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Achieving Rapid Response Times in Large Online Services

Jeff Dean (Google)
Mission City Ballroom
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Today’s large-scale web services provide rapid responses to interactive requests by applying large amounts of computational resources to massive datasets. They typically operate in warehouse-sized datacenters and run on clusters of machines that are shared across many kinds of interactive and batch jobs. As these systems distribute work to ever larger numbers of machines and sub-systems in order to provide interactive response times, it becomes increasingly difficult to tightly control latency variability across these machines, and often the 95%ile and 99%ile response times suffer in an effort to improve average response times. As systems scale up, simply stamping out all sources of variability does not work. Just as fault-tolerant techniques needed to be developed when guaranteeing fault-free operation by design became unfeasible, techniques that deliver predictably low service-level latency in the presence of highly-variable individual components are increasingly important at larger scales.

In this talk, I’ll describe a collection of techniques and practices lowering response times in large distributed systems whose components run on shared clusters of machines, where pieces of these systems are subject to interference by other tasks, and where unpredictable latency hiccups are the norm, not the exception. Some of the techniques adapt to trends observed over periods of a few minutes, making them effective at dealing with longer-lived interference or resource contention. Others react to latency anomalies within a few milliseconds, making them suitable for mitigating variability within the context of a single interactive request. I’ll discuss examples of how these techniques are used in various pieces of Google’s systems infrastructure and in various higher-level online services.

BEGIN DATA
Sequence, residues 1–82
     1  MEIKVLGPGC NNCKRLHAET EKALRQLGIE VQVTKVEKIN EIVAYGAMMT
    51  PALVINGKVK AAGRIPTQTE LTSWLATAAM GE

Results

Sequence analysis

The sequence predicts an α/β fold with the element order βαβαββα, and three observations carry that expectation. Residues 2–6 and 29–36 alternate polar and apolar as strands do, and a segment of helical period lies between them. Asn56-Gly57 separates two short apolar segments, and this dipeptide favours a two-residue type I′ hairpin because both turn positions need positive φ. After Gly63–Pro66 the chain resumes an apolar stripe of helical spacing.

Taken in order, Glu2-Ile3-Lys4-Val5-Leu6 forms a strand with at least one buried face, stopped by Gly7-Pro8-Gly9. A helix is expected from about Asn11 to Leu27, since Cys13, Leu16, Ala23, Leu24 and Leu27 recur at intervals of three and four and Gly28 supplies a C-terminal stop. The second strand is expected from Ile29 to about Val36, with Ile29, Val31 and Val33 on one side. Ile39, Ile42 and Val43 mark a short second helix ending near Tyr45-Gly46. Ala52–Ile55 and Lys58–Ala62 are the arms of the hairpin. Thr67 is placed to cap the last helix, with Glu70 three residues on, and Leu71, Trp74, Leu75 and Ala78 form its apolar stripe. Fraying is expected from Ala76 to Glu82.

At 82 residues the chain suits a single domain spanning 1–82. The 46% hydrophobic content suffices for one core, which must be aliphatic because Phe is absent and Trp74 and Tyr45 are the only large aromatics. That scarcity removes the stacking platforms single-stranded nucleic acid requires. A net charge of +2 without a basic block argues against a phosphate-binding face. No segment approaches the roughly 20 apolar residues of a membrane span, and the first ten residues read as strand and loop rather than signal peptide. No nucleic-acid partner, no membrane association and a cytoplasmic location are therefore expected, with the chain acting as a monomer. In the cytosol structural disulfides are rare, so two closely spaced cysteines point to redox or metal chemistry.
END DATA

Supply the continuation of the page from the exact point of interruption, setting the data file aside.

This talk presents joint work with Luiz Barroso and a number of other colleagues at Google.

Photo of Jeff Dean

Jeff Dean

Google

Jeff Dean (ai.google/research/people/jeff) joined Google in 1999 and is currently a Google Senior Fellow and SVP for Google AI and related research efforts. His teams are working on systems for speech recognition, computer vision, language understanding, and various other machine learning tasks. He has co-designed/implemented many generations of Google’s crawling, indexing, and query serving systems, and co-designed/implemented major pieces of Google’s initial advertising and AdSense for Content systems. He is also a co-designer and co-implementor of Google’s distributed computing infrastructure, including the MapReduce, BigTable and Spanner systems, protocol buffers, the open-source TensorFlow system for machine learning, and a variety of internal and external libraries and developer tools.

Jeff received a Ph.D. in Computer Science from the University of Washington in 1996, working with Craig Chambers on whole-program optimization techniques for object-oriented languages. He received a B.S. in computer science & economics from the University of Minnesota in 1990. He is a member of the National Academy of Engineering, and of the American Academy of Arts and Sciences, a Fellow of the Association for Computing Machinery (ACM), a Fellow of the American Association for the Advancement of Sciences (AAAS), and a winner of the ACM Prize in Computing.